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Viva Lafrowda benefit auction

At the time of writing (in September 2010) I’ve just finished this year’s Lafrowda painting. Inspired by the St Just festival which culminated on the final Saturday with the Viva Lafrowda processions, the picture is again for me a celebration of this brilliant local community.

The Latin theme this year led to the appearance of several giant sombrero’s in the parades. A huge Mexican skull puppet towered over the foreground revellers with their patchwork of coloured hats, flags, banners and costumes, a figure that rivalled the houses themselves in scale. In the spirit of the well know Mexican Day of the Dead this was a figure of jollity. As puts it:  “……….for Mexicans who believe in the life/death/rebirth continuum, it’s all very natural. This is not to say that they treat death lightly. They don’t. It’s just that they recognize it, mock it, even defy it. Death is part of life and, as such, it’s representative of the Mexican spirit and tradition which says: “Don’t take anything lying down – even death!”.

Maybe we can use something of that defiant and carefree approach to lighten-up our lives! Anyway, as in previous years this Lafrowda painting is for sale to benefit future festivals in my home town. There’s a buy now option or, if the piece is still available on Lafrowda Day 2011, it will be auctioned off to the person who has made the highest online offer or sealed bid at my studio. You can place a bid through the contact page. Also available through both the buy now and auction pages are unmounted prints of the picture with vouchers to the same value. The way this works is explained at  .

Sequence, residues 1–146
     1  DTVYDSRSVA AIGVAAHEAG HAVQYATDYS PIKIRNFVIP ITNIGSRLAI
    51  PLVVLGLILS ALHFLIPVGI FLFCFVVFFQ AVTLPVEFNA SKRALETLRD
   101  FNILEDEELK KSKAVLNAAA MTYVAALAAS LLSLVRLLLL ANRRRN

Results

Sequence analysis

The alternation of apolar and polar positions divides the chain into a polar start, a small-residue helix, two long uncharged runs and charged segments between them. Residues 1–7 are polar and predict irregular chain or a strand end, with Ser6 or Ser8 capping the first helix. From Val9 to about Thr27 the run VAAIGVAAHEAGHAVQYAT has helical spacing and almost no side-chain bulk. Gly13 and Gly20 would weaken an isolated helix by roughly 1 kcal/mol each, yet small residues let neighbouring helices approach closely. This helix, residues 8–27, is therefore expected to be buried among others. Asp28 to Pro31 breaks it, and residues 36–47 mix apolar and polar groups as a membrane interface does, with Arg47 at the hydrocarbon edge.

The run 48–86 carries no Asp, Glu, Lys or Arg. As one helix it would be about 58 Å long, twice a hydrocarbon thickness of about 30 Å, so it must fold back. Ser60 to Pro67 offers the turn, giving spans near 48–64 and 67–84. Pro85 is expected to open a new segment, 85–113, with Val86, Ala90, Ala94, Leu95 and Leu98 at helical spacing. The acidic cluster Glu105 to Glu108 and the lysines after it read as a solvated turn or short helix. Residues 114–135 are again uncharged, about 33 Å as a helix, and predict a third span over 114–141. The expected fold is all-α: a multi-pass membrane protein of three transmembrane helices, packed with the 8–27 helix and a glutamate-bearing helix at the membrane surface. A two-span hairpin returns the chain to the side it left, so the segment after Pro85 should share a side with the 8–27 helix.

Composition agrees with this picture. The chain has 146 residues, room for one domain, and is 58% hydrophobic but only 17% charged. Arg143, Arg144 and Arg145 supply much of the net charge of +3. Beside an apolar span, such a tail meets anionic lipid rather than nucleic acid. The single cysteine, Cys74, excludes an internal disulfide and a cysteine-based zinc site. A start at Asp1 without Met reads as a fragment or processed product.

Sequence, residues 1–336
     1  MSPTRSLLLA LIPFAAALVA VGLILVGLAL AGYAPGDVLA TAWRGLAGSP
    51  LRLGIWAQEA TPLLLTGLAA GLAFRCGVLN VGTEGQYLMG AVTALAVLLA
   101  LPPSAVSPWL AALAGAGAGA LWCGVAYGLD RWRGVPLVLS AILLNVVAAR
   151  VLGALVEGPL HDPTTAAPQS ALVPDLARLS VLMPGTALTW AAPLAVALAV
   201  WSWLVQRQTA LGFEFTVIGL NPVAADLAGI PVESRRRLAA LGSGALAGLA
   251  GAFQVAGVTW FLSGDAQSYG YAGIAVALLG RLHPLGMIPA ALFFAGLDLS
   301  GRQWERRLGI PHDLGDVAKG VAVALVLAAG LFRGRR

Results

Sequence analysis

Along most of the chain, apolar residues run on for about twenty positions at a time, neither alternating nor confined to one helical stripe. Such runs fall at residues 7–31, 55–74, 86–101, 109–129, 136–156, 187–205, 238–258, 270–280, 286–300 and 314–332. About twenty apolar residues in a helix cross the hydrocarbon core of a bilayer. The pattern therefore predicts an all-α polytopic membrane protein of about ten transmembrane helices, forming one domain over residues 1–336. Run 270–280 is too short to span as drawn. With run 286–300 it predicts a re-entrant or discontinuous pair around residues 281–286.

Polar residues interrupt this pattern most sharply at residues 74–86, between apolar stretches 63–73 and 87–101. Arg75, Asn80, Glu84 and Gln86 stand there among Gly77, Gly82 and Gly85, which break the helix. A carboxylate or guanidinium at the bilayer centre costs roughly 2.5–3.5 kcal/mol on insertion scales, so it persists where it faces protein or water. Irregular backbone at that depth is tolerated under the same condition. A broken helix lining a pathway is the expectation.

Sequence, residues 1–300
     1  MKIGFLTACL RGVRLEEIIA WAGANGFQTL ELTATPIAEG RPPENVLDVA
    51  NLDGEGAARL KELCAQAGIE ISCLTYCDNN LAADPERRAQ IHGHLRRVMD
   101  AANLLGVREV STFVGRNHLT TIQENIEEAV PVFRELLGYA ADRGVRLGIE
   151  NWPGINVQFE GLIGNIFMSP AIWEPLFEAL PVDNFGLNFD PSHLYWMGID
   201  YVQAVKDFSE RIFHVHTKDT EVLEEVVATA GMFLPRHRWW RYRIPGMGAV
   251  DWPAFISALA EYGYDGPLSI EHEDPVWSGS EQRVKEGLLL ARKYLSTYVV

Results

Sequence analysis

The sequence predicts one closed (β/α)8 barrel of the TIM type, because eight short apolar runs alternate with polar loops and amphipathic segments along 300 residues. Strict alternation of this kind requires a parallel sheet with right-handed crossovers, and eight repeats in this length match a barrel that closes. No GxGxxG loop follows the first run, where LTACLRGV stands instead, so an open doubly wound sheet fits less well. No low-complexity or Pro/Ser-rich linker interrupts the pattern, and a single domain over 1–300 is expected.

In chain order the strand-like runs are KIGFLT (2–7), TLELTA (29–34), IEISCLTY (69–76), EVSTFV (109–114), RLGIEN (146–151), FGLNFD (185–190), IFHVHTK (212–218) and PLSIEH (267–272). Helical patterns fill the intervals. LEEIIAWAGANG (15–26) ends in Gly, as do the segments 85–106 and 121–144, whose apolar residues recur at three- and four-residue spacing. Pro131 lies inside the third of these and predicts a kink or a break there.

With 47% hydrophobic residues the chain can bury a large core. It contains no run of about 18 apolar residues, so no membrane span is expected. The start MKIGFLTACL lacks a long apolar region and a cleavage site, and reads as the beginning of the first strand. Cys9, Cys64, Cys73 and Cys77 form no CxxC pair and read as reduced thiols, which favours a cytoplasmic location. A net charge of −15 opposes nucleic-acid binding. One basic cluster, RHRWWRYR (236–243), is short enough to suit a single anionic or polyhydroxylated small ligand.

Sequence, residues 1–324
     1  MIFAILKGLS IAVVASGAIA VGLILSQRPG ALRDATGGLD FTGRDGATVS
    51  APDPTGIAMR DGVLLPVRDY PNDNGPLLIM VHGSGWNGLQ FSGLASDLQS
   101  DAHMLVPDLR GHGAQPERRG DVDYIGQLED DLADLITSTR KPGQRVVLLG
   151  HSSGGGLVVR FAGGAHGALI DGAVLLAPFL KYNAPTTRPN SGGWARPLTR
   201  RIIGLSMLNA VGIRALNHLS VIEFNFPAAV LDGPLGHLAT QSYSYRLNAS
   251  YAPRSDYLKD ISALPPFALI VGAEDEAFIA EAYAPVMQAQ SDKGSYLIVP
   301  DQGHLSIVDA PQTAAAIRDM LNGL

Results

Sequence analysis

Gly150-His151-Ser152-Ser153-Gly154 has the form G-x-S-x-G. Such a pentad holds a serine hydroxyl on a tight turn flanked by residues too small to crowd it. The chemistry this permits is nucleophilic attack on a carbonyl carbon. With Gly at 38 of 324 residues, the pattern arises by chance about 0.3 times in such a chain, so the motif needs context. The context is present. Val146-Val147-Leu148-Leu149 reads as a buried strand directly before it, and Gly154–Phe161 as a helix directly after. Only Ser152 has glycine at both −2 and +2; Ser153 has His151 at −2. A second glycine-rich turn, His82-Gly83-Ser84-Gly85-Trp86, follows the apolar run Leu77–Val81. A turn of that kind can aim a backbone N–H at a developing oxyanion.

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On Lived-in Landscapes from Cornwall in Bath, Easter 2010

What’s been so good about this Bath showing of Lived-in Landscapes is that transplanting these images out of their usual Cornish context has highlighted their underlying content for me; in other words that they’re not just about living in Cornwall but about the broader issue of how people interact with landscape.

The Chapel Row Gallery has been an excellent venue to bring out this aspect. It’s ambience is reminiscent of that ocean light that was the theme of my previous show in Falmouth. As such it’s been sympathetic to the Cornishness of these new pictures while enabling them to “breathe” and so communicate something of the influence of that human presence that is their real theme.

A big thankyou to Gabrielle Hawkes who helped bring out this underlying theme in her introduction to the catalogue that you can read by clicking here.